Side effects such as hypotension, bradycardia, dry mouth, excessive sedation, nausea and vomiting, and other effects, if any, during intraoperative or postoperative period were recorded. Results on continuous measurements are presented on mean + standard deviation (Min–Max), and results of categorical measurements are presented in number (%). Significance is assessed at 5% level of significance. Student's t-test (two-tailed, independent) has been used to find the significance of study parameters on continuous scale between two groups (intergroup analysis) on metric parameters. Chi-square/Fisher's exact probability test has been used to find the significance of study parameters on categorical scale between two or more groups. The Statistical software, namely, SAS 9.2, SPSS 15.0, Stata 10.1, MedCalc 9.0.1, Systat 12.0, and R environment ver. 2.11.1, were used for the analysis of the data and Microsoft Word Excel (2007) has been used to generate graphs and tables.


   Results Top


The demographic profile was comparable and statistically similar in both groups [Table 1]. All the patients enrolled completed the study, and there were no dropouts. None of the patients required epidural supplementation with local anesthetics or general anesthesia.
Table 1: Demographic data

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The mean time for onset of sensory block at T10 was 71.63 ± 4.51 s for Group G300 and 90.13 ± 4.88 s for Group GNS (P< 0.001). Onset of motor block was 55.63 ± 2.54 s in Group G300 and 118.43 ± 9.50 s in Group GNS (P< 0.001). The time for two-segment regression of sensory block was 199.33 ± 19.11 min in Group G300 and 79 + 9.77 min in Group GNS (P< 0.001). Duration of analgesia was 317.90 ± 15.32 min for Group G300 and 207.00 ± 20.66 min for Group GNS (P< 0.001). Total duration of motor block was 409.90 ± 34.87 min in Group G300 and 204.50 ± 22.79 min in Group GNS (P< 0.001) [Table 2] and [Figure 1], [Figure 2]. The incidence of hypotension and bradycardia was comparable in both groups [Table 3].
Table 2: Comparison of sensory and motor parameters

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Figure 1: 2 segment regession, total duration of motor block, first rescue analgesia time for both groups

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Figure 2: Onset of sensory block, time to bromage grade 2 for both the groups

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Table 3: Comparison of side effects

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   Discussion Top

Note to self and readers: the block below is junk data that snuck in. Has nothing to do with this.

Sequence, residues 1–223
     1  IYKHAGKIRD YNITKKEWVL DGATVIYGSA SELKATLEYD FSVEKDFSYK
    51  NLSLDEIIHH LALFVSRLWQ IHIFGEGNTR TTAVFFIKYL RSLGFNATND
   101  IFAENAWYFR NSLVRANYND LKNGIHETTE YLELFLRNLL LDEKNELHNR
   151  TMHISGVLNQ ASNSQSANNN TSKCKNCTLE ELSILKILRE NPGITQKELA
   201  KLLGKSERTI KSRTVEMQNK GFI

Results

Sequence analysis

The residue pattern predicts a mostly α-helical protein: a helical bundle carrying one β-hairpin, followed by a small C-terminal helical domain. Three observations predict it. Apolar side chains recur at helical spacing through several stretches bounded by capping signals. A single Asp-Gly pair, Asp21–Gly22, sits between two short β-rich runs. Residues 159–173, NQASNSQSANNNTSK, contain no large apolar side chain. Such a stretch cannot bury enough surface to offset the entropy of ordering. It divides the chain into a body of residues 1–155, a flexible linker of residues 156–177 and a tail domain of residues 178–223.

The present study showed that clonidine (300 mcg) administered through epidural route as a sole epidural adjuvant to SAB in CSE produced faster onset and prolonged duration of sensory and motor blockade. It also significantly prolonged the duration of analgesia.

Clonidine is a centrally acting partial α2 adrenoceptor agonist with selectivity ratio of 200:1. Its analgesic effect is mediated by binding to postsynaptic α2 receptors (G-protein-coupled inhibitory receptors) in the dorsal horn of the spinal cord. This mimics the effects of noradrenaline which is released from the descending inhibitory pathways in the central nervous system. Thus, decreased activity of the second-order neurons and wide dynamic range neurons in the dorsal horn occurs which in turn attenuates the input from peripheral nociceptive Aδ and C fibers. It does not affect proprioception or produce motor blockade. Studies in rats show that clonidine partially inhibits voltage-gated sodium and potassium channels and suppresses generation of action potentials in tonic firing spinal dorsal horn neuron. Clonidine is rapidly and extensively absorbed into the spinal CSF compartment after epidural administration, with concentrations peaking 30–60 min after injection and coincides with near maximal analgesia,[8] and this may be the probable reason for prolongation of effects of spinal anesthesia in the present study. After epidural administration, clonidine produces peak concentrations in arterial blood within 10 min and venous blood within 30–45 min. Further, local vasoconstrictor effect of clonidine may delay systemic absorption of intrathecal local which also may contribute to prolonged effect of SAB.[8]

In this study, we used 300 mcg clonidine epidurally as some studies have shown increased incidence of adverse effects such as bradycardia, hypotension, and sedation with doses >600 mcg of clonidine.[8]